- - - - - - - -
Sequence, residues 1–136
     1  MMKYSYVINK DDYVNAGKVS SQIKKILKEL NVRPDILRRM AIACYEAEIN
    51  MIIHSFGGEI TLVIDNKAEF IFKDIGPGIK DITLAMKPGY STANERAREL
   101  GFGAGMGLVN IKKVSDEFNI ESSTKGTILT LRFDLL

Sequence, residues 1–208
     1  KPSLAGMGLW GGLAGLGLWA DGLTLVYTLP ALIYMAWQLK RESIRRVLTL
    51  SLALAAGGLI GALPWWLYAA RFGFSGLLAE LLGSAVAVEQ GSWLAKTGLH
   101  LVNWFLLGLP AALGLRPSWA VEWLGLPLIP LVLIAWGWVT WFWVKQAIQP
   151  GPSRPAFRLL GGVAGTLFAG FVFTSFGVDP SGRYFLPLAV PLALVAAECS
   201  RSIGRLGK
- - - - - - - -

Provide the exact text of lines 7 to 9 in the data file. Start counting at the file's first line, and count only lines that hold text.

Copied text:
    51  SLALAAGGLI GALPWWLYAA RFGFSGLLAE LLGSAVAVEQ GSWLAKTGLH
   101  LVNWFLLGLP AALGLRPSWA VEWLGLPLIP LVLIAWGWVT WFWVKQAIQP
   151  GPSRPAFRLL GGVAGTLFAG FVFTSFGVDP SGRYFLPLAV PLALVAAECS